The Top Conspiracy Theories Of 2020

As 2020 draws to an end, BOOM looks back at the biggest conspiracy theories which dominated the year

Everybody loves a good conspiracy theory. Tupac is alive, Area 51, lizard people ruling the world, Bigfoot and the Illuminati have gone from being wacky theories to embedding themselves into our cultural consciousness.

Some conspiracies are harmless, funny even, but many often build upon people's prejudices to stoke fear and disharmony. Unfortunately, being the year that it is, 2020 gave rise to some dangerous and harmful conspiracy theories. Here are the top four conspiracy theories of 2020


1. The Death of Sushant Singh Rajput And Justice For SSR Campaign

On June 14, 2020 actor Sushant Singh Rajput died by suicide in his Bandra home. His death which first shocked everyone - from his co-stars to fans - soon turned into a long drawn and the biggest conspiracy theory in India.

Fans of the actor and self-proclaimed activists gave rise to the #JusticeForSSR campaign with many of these hashtags trending on top for days together on all social media platforms. The most common allegation made by the conspiracy theorists was that the actor was murdered, with several Facebook pages created overnight to fan the same. This then turned to the actor's was forced to commit suicide, with many members in the JusticeForSSR pages turning experts in forensics and examining the various marks on the actor's dead body.


The theory also alleged that Rajput was murdered by a nexus of politicians and Bollywood celebrities to prevent him from telling the truth about his former manager Disha Salian's alleged rape and murder. Salian had died by suicide on June 9, 2020. The claims travelled from emotional appeals to bordering on absurdity and finally ending on widespread misinformation.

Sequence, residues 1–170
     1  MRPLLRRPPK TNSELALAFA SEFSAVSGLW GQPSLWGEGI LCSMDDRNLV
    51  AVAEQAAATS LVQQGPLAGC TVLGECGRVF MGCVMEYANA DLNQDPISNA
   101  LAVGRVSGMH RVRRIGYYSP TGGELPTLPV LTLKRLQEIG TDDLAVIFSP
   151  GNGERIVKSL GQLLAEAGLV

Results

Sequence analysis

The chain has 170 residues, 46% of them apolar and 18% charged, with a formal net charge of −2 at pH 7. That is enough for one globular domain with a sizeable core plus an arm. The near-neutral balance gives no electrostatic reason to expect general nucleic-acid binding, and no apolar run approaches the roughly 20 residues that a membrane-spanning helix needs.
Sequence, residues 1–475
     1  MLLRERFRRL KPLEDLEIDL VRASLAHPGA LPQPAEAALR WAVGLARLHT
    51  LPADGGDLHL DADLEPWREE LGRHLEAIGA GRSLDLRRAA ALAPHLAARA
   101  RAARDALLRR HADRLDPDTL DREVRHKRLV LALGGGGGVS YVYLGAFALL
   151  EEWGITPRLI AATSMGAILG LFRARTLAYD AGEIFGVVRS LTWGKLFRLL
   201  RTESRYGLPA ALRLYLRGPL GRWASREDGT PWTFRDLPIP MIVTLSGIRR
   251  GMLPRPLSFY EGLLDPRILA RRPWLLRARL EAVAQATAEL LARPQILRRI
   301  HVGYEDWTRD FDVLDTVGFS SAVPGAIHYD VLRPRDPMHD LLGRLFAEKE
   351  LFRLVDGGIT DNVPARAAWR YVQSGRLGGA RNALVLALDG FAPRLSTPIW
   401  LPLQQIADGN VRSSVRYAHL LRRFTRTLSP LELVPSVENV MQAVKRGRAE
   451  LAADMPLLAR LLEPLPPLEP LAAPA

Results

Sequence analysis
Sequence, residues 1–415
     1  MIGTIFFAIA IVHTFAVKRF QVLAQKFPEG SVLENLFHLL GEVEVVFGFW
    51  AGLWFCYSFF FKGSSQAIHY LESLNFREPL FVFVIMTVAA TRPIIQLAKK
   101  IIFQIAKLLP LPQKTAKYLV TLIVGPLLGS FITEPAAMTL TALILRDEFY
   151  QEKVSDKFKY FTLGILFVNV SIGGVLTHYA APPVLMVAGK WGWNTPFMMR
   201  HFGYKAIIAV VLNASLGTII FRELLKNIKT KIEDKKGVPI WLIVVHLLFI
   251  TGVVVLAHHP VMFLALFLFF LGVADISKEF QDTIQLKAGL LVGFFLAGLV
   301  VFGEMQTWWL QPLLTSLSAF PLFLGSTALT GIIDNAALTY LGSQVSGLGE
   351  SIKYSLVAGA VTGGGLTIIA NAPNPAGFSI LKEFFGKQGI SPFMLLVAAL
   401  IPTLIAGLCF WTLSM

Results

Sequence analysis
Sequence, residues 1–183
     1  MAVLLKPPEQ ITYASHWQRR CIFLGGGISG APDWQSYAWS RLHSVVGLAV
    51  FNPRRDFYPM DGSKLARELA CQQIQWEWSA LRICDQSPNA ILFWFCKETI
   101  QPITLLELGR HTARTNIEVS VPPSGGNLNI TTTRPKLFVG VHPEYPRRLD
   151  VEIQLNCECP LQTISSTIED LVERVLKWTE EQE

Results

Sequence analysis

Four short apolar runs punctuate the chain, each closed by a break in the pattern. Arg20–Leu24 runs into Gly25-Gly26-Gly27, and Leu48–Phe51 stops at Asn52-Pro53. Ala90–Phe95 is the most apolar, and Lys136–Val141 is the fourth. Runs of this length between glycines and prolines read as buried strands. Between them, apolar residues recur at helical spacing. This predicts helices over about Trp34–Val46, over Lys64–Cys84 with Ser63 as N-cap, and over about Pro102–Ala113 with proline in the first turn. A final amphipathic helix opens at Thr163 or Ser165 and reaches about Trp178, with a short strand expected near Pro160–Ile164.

BOOM debunked several such claims including those that claimed that the actor Aditya Pancholi disguised himself as a police officer to destroy evidence at Rajput's home and another that used actor Disha Patani's photo to claim that Rajput's girlfriend Rhea Chakraborty was in a relationship with Aaditya Thackeray, and hence hatched a plot to murder Rajput. One most far reaching claims was that Rajput was murdered to steal his idea of a gaming app. The pages also led several campaigns against the Maharashtra government and dismissed the investigation by the Mumbai police.

To know more about India's QAnon moment, read this Economic Times investigation which detailed the world that is the #JusticeForSSR campaign.

2. QAnon

Donald Trump has repeatedly spread dangerous misinformation that have originated in QAnon communities, a conspiracy group which believes that the world is run by a group of Satan-worshipping paedophiles who are plotting a coup against Trump and which has been termed a domestic terrorism threat by the Federal Bureau of Investigation.

According to them, a day will arise when "The Storm", led by Trump, would result in the arrest and execution of these alleged Satan worshipers. BOOM had earlier reported on QAnon and has detailed it's origins.